While this is intended mainly for novice investors, I hope the list is helpful to seasoned investors as well. Maybe they'll find a screener that's better than the one they use.

Every discount broker has a stock screener. My favorites are at Scottrade and TDAmeritrade.

Free Stock Screeners

MSN Money Deluxe Screener

This is by far the best free stock screener out there (ETFs are included in its results). It has an intuitive interface with over 500 criteria to choose from. Not only can you set custom values for your criteria (say you want to find companies with returns on equity of 15% or greater), but you can also filter companies by comparing them to other companies or to their industries. For example, instead of setting return on equity to 15% or greater, you can set it to below industry average, at industry average, above industry average, x% above industry average, x% above another company's return on equity, and so on.

The MSN screener also gives you the option of making your own, custom criteria. For example, if you want to find companies whose 5 year dividend growth rate is greater than industry average earnings per share growth rate, just plug those values in. Want to develop your own ratios? Go ahead. How about companies whose P/E divided by 5 year average earnings per share growth rate plus five year average dividend yield [PE/(5 year average EPS Growth Rate + 5 year average dividend] is greater than .5? Just plug it in.

Besides the standard operators of less than, greater than, equal, less than or equal to, greater than or equal to, the MSN stock screener adds flexibility with operators like "high as possible," "low as possible," "near," and "display only."

Suppose you want to use your criteria to search for stocks at some future time. The MSN stock screener gives you the ability to save or export your criteria. Want to save your results? You can export them to an Excel file. (If you don't have Excel, no worries. Try Open Office. It's a free office suite that, in my opinion, is better than MS Office. It opens all MS Office files, including Excel files. Google Docs also has a free spreadsheet program that can open Excel files). You can also save your results to a text file. If you have an MSN Money portfolio, you can export your results there too.

Additionally, the screener has many preset screens to get you started.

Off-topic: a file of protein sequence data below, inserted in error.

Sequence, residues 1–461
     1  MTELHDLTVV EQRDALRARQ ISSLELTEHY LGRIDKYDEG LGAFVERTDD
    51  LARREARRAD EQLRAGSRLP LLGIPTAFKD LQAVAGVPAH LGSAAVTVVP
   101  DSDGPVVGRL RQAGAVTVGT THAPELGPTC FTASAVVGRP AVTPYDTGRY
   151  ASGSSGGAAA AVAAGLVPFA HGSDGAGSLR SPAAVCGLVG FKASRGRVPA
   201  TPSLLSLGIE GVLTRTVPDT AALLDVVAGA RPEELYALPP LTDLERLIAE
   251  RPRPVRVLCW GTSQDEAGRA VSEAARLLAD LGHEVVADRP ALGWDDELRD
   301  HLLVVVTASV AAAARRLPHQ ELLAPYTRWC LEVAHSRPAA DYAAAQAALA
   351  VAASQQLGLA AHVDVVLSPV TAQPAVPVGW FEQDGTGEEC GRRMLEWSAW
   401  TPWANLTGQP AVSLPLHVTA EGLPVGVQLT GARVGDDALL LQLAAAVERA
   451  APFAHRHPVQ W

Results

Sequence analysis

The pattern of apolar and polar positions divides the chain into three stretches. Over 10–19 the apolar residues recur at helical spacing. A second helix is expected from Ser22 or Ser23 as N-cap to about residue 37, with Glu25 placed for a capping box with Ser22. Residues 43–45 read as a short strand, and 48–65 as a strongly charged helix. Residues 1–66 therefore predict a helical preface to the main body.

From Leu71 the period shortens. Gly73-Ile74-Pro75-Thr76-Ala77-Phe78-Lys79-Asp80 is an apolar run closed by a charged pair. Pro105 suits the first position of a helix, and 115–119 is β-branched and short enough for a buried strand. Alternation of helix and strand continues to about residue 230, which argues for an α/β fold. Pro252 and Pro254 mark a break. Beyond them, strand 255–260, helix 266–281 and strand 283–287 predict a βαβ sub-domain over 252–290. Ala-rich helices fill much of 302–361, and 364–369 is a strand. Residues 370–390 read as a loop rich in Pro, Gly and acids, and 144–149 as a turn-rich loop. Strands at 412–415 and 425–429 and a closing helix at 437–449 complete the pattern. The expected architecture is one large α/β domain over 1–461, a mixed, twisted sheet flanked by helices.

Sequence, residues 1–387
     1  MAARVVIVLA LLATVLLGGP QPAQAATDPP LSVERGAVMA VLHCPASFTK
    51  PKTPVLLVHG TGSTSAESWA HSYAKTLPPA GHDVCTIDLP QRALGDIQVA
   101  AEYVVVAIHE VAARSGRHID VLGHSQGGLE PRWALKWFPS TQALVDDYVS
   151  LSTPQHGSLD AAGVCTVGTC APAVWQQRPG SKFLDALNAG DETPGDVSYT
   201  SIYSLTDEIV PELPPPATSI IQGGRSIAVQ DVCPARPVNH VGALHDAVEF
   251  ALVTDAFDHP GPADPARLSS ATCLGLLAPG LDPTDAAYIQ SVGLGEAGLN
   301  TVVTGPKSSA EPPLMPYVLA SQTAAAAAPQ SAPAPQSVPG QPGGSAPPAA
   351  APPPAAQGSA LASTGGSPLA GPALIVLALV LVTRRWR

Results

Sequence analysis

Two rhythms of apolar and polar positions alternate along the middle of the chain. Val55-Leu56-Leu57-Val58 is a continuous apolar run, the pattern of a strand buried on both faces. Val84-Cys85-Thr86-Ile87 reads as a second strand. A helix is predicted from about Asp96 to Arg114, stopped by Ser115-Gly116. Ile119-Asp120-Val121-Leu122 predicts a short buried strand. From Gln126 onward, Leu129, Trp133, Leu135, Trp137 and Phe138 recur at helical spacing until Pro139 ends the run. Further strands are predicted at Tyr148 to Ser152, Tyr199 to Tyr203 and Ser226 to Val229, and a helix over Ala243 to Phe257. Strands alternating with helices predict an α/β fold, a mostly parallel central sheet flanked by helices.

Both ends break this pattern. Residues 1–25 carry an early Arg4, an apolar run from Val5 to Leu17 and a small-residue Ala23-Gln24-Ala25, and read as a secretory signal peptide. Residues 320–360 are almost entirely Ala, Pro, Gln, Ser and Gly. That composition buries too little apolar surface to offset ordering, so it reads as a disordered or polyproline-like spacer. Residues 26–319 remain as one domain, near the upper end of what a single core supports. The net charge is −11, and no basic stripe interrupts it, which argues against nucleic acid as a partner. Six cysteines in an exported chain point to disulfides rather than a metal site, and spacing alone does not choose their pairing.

MSN also has a mutual fund screener, which works the same way.

Having trouble with the screener? Harry Domash has a lot of great articles demonstrating the power of the MSN screener. Please note, however, that Domash's stock picks might not be so good. I haven't checked his performance lately, but last time I did, the majority of the stocks he selected using his screening techniques were down quite a lot. (I even toyed with the idea of setting up a model portfolio that shorts all his selections, but haven't gotten to that yet. Perhaps for a future post).

So what's the catch with this free, incredibly powerful tool? Rarely, the data are a wrong. This is a problem all stock screeners have in common. Never trust screeners completely, and don't base your trading decisions only on your screen results. Rather, use them as part of your initial research.

The drawback unique to MSN's screener is that you have to install MSN Money Investment Toolbox to use it, and this requires Internet Explorer and possibly having Windows installed on your machine. It doesn't work on Firefox or other browsers. There might be ways to get around this. Linux users (I'm a happy Ubuntu user) might try running Internet Explorer with Wine.

Yahoo! Finance

Behind MSN is Yahoo!'s Java based screener. It has around 150 criteria from which to choose. It's not as robust as MSN's, but if you can't use the MSN screener, this is the next best thing. It will run on every computer that has Java installed and enabled.

You can search for stocks, bonds, and mutual funds. The Yahoo! screener allows you to save your screens, and to export your results to a spreadsheet. If you have a Yahoo! Finance portfolio, you can export your results there as well. There are a number of preset screens to get you started.

Reuters used to have a pretty good stock screener, comparable to MSN's. Maybe it still does, but I can't find it on their site. The decent, but very limited ETF and Mutual Fund screener is still available.

Google, Yahoo!, and MSN have the best basic stock screeners--those where you don't have to load anything. The criteria to choose from are much more limited than the Deluxe MSN screener and the Java Yahoo! screener, but are enough for most quick screens. Among these, I like Google's the best.

Other screeners with limited criteria, but useful for quick screens:




Market Watch

I wrote earlier about how you might already be paying for various financial databases such as Morningstar and Value Line, whether through college tuition or through your portion of taxes going to your local public library. Be sure to check these resources. The Morningstar library edition, for example, has a pretty good screener similar to MSN's. While it's not as flexible as MSN's, it gives you the ability to search for stocks using Morningstar's premium data (e.g., you can search for stocks based on Morningstar grades, etc).

Happy screening!